Opening Day, the official opening of Seattle's boating season sponsored by Seattle Yacht Club, includes a celebration of many kinds of water activities. This year's festivities will include a morning of crew races, a sailboat race, and, of course, the grand Opening Day boat parade on Saturday, May 2, 2020.
From its earliest days Seattle has celebrated important occasions with water festivities.
One particularly notable early celebration was scheduled for the Fourth of July 1895. The papers reported that the Elliott Bay Yacht Club, the forerunner of the Seattle Yacht Club, held a regatta including several classes of boats in Elliott Bay. The grand climax was to be an illuminated naval parade at 9:00 p.m. on the bay followed by a naval sham battle. The Post Intelligencer described the scheduled events: " . . .a monitor is to be bombarded and then blown up. . . The parade will consist of two lines of yachts, brilliantly illuminated with Japanese lanterns and armed with Roman candles instead of cannons. The monitor will run the gauntlet, spitting red and blue balls at the fleet, which in return will bombard the monitor until her magazine catches fire and she blows up, throwing out myriads of stars, balls and rockets." Alas, the wind was too great for the event, extinguishing the candles, and the yachtsman and spectators went home disappointed.
In May 1908, the battleship brigade, later known as the Great White Fleet, stopped in Seattle on its round the world tour. Seattle organizers festooned the city, held land and water parades, dances and receptions to honor the fleet. Area yachtsman organized a welcoming committee to sail out and meet the visiting armada as it sailed into Elliott Bay.
The following year Seattle hosted the Alaskan-Yukon Exposition on the University of Washington campus. The Seattle Yacht Club acted as the official host to visiting boatmen. As part of the festivities, the Commodore and his club members arranged a public "Potlatch Parade" which took place at the Seattle Yacht Club clubhouse, which was still located in West Seattle.
According to the 1964 reminiscences of a Seattle Yacht Club member, the first Opening Day took place in early May 1913. He recalled a parade and a regatta in Elliott Bay.
The first Opening Day parade through the Montlake Cut was in 1920 after the Seattle Yacht Club moved to its new (and present) facilities in Portage Bay. Spectators lined both sides of the Cut to view the 25 or 30 boats as they paraded by, flying their dress flags. The boats finished the celebration with a regatta in Lake Washington sponsored by the Queen City Yacht Club.
The Opening Day Parade and Regatta became a spring tradition, which survived the war years. Opening Day 1946, was the biggest and most festive ever. It included members of every yacht club in Puget Sound and the Royal Vancouver and the Royal Victoria Yacht Clubs from British Columbia, Canada.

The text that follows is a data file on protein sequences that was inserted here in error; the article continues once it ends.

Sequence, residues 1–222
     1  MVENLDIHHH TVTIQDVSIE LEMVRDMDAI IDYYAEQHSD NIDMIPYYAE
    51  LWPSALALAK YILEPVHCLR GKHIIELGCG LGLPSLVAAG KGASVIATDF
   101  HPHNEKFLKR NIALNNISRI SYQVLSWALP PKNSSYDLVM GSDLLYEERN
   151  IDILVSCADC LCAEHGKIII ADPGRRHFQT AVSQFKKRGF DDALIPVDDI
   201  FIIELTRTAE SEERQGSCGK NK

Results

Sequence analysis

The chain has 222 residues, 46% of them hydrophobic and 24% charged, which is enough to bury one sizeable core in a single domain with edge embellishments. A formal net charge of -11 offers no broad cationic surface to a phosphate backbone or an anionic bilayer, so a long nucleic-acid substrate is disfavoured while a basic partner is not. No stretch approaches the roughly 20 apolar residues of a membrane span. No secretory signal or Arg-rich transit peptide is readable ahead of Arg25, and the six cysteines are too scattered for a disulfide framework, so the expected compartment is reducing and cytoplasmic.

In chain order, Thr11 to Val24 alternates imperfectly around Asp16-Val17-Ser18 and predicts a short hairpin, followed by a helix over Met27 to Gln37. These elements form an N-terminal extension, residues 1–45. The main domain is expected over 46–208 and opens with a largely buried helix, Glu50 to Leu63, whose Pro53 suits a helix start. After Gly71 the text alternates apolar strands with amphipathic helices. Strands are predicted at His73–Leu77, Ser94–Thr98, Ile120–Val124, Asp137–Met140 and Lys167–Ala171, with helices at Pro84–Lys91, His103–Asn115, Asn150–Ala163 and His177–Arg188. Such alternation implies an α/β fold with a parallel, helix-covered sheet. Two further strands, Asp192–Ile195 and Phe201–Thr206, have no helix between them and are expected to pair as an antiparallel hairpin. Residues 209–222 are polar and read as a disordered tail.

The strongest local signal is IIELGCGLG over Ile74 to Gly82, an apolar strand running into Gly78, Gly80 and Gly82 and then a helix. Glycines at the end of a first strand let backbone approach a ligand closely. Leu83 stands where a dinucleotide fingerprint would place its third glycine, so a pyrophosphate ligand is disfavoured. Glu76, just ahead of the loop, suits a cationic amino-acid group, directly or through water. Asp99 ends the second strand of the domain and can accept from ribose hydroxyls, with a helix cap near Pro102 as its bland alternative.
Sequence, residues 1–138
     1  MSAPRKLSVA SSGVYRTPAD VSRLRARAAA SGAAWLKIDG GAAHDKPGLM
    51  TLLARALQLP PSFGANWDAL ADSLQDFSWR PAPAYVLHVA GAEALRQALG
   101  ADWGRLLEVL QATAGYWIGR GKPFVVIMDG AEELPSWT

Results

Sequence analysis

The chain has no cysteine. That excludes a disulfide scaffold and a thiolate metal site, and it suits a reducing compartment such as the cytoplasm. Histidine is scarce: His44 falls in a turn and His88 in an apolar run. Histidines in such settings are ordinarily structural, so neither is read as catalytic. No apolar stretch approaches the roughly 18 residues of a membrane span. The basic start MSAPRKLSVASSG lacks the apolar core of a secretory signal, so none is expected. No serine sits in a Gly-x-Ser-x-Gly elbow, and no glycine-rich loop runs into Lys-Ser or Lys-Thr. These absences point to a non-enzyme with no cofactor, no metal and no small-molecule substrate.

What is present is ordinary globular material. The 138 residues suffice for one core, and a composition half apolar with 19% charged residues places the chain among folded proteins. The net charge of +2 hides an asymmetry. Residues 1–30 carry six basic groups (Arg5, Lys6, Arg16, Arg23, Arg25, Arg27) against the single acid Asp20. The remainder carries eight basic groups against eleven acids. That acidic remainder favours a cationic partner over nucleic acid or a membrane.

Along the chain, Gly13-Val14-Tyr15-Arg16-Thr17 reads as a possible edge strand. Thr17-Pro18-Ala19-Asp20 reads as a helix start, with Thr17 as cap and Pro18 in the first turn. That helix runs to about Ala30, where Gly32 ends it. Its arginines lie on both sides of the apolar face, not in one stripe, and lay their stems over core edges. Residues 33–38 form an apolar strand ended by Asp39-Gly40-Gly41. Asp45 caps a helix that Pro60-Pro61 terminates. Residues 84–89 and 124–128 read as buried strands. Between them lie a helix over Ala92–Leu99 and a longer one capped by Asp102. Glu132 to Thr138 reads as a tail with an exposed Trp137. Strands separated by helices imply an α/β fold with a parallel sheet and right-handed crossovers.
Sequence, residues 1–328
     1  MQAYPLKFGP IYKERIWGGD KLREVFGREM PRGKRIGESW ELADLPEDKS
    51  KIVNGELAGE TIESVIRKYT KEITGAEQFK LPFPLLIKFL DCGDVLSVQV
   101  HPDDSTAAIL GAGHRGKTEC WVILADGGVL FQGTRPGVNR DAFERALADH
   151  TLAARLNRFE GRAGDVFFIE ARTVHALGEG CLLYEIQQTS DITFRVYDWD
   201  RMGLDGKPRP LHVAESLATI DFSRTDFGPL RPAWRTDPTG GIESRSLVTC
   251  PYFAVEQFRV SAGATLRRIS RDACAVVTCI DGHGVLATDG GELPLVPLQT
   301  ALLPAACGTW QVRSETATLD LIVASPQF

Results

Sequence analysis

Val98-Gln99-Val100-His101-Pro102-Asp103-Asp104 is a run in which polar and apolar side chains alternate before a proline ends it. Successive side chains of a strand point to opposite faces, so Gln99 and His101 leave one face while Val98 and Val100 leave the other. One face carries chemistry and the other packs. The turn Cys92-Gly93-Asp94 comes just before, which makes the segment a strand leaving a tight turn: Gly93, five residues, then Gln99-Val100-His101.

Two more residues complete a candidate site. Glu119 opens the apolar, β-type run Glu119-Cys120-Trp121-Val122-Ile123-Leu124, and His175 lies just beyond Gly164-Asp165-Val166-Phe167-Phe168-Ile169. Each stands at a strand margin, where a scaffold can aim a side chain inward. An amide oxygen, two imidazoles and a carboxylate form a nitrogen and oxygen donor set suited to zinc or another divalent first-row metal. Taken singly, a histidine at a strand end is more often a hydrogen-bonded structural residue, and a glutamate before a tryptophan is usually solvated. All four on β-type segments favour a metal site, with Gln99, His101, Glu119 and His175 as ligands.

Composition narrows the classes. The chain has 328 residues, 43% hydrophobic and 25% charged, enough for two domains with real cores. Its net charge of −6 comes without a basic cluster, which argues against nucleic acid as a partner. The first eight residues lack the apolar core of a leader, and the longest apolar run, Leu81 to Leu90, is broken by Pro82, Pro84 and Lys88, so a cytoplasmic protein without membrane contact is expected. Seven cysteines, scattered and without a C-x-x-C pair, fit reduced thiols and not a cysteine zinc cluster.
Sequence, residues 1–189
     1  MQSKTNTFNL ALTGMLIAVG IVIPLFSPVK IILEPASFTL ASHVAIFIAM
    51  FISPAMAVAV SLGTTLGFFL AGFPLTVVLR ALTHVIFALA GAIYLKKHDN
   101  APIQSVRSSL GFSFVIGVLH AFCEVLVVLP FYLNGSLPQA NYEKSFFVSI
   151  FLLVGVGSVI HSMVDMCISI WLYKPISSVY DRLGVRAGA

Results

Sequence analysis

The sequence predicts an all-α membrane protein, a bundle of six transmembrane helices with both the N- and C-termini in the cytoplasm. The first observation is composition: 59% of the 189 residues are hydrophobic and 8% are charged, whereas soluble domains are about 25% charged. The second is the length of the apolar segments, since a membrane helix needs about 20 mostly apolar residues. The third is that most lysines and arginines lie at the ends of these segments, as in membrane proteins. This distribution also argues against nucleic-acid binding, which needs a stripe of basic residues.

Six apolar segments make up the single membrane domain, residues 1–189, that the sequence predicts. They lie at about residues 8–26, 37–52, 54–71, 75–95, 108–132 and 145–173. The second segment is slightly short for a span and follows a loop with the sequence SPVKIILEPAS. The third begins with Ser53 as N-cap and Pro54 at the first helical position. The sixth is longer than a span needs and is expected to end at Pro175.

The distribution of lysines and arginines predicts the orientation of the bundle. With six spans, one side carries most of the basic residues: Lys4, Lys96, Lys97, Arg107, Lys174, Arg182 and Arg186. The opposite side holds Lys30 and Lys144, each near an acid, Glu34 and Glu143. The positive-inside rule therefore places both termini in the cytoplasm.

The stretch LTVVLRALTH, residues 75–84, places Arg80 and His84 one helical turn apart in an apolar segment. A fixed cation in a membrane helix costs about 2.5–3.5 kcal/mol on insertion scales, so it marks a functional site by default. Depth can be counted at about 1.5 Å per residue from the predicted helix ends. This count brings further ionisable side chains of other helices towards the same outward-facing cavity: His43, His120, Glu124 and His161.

A theme was first used for the 1959 Opening Day, Hell's a Poppin, and, since then, participants have decorated their boats around a theme. Prizes are awarded to the best-decorated and best-dressed boats in several categories.
Over the years, Opening Day activities have changed. Events such as the University of Washington crew races have become a part of the day's traditional festivities. Many spectators watch these popular races through the Montlake Cut from the shore, boats or TV. Opening Day 2018 marks the 32nd anniversary of the Windermere Cup.
The commissioning ceremony on the Seattle Yacht Club lawn is attended by the Commodores of participating yacht clubs and starts off the Opening Day festivities. The clubs' burgees are hoisted, dignitaries are recognized, the Chaplin says a prayer, and the band plays!
As always, the Opening Day Parade starts at noon the first Saturday in May with the blast of a cannon and the raising of the Montlake Bridge. Seattle Yacht Club's Opening Day has become the nation's largest regional celebration of water, spring and the opening of boating season.
Participating yachts will be decorated to illustrate this year's theme for Opening Day, "Boating Through the Decades".
And, if tradition is honored, there will be sunshine, breezes and, maybe, a few showers.
Opening Day in Seattle is a family affair; families decorate their boats for the festivities and parades; families spread blankets on the shoreline and spend hours watching and picnicking. Families dream of the boats they someday will own.
The boating season officially never ends in the Seattle area. It tapers off during the blustery, wet days of winter, but the faithful keep sailing and cruising. Opening Day, however, kicks off a busy spring and summer of boating for many avid boaters in the Seattle area.
Opening Day offers some outstanding photo and story opportunities. You'll not find anything like it in the U.S. or, to our knowledge, in the world. The only thing comparable is an annual parade of commercial vessels in Venice, Italy.